Some folks will tell you that the three engineering feats that made such an enormous impact on the war effort, were the development of the Jeep, the DC-3 transport plane, and the ubiquitous Quonset Hut.
As anyone who has done any research on the Quonset Hut knows there where several designs and redesigns. The George A. Fuller and Company's engineers found a faster, cheaper way to assemble huts using an existing building product for the rib. Known as Stran-Steel, it was developed in the early 1930s by Great Lakes Steel Corporation, but had never caught on due to the premium price. It was a welded steel strip 2 by 3 5/8 inches, actually two lightweight channels welded back to back - with a wavy center groove that held special nails with lead seals.
The "Quonset Stran-Steel Hut" was so simple to erect that anyone who could hammer a nail could set it up. A crew of just 6 experienced men could build a hut in a single day.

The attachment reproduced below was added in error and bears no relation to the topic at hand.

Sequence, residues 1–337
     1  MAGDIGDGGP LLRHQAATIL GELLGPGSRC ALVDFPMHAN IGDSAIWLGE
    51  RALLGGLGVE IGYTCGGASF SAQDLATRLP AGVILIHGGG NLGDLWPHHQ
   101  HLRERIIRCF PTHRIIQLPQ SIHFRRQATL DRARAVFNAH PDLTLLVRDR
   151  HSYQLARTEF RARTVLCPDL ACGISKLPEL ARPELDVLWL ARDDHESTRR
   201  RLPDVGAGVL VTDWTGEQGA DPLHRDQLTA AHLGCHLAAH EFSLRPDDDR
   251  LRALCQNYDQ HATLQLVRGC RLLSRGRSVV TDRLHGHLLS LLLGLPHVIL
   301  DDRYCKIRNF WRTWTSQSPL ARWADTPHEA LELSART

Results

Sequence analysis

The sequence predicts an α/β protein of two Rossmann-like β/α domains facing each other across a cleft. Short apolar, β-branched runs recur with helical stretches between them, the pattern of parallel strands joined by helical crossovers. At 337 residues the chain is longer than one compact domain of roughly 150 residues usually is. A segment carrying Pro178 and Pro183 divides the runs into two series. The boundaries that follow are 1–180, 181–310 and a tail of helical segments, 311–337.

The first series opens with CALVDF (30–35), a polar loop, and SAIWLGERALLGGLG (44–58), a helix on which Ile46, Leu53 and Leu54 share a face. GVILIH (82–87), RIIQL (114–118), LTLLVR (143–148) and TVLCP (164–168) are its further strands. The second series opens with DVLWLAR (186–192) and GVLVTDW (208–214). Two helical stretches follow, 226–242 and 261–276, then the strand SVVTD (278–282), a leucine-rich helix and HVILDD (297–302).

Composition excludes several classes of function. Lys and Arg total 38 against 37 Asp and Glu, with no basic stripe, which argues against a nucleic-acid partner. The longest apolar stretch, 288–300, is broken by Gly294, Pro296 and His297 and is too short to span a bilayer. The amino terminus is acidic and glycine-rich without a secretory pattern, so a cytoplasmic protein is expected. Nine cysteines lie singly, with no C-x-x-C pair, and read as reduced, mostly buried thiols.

Production of the original T-Rib Huts was halted sometime in 1942. Thereafter all huts used Stran-Steel ribs. With the change, the Fuller factory in West Davisville, RI. was closed and production moved to Great Lakes Steel Corporation in Ecorse, MI.
Now known as Great Lakes Works as a part of United States Steel Corporation. Great Lakes Works, situated along the Detroit River in Ecorse, MI. consists of both steelmaking and finishing facilities, making it one of five integrated steelmaking facilities U. S. Steel operates in the United States.
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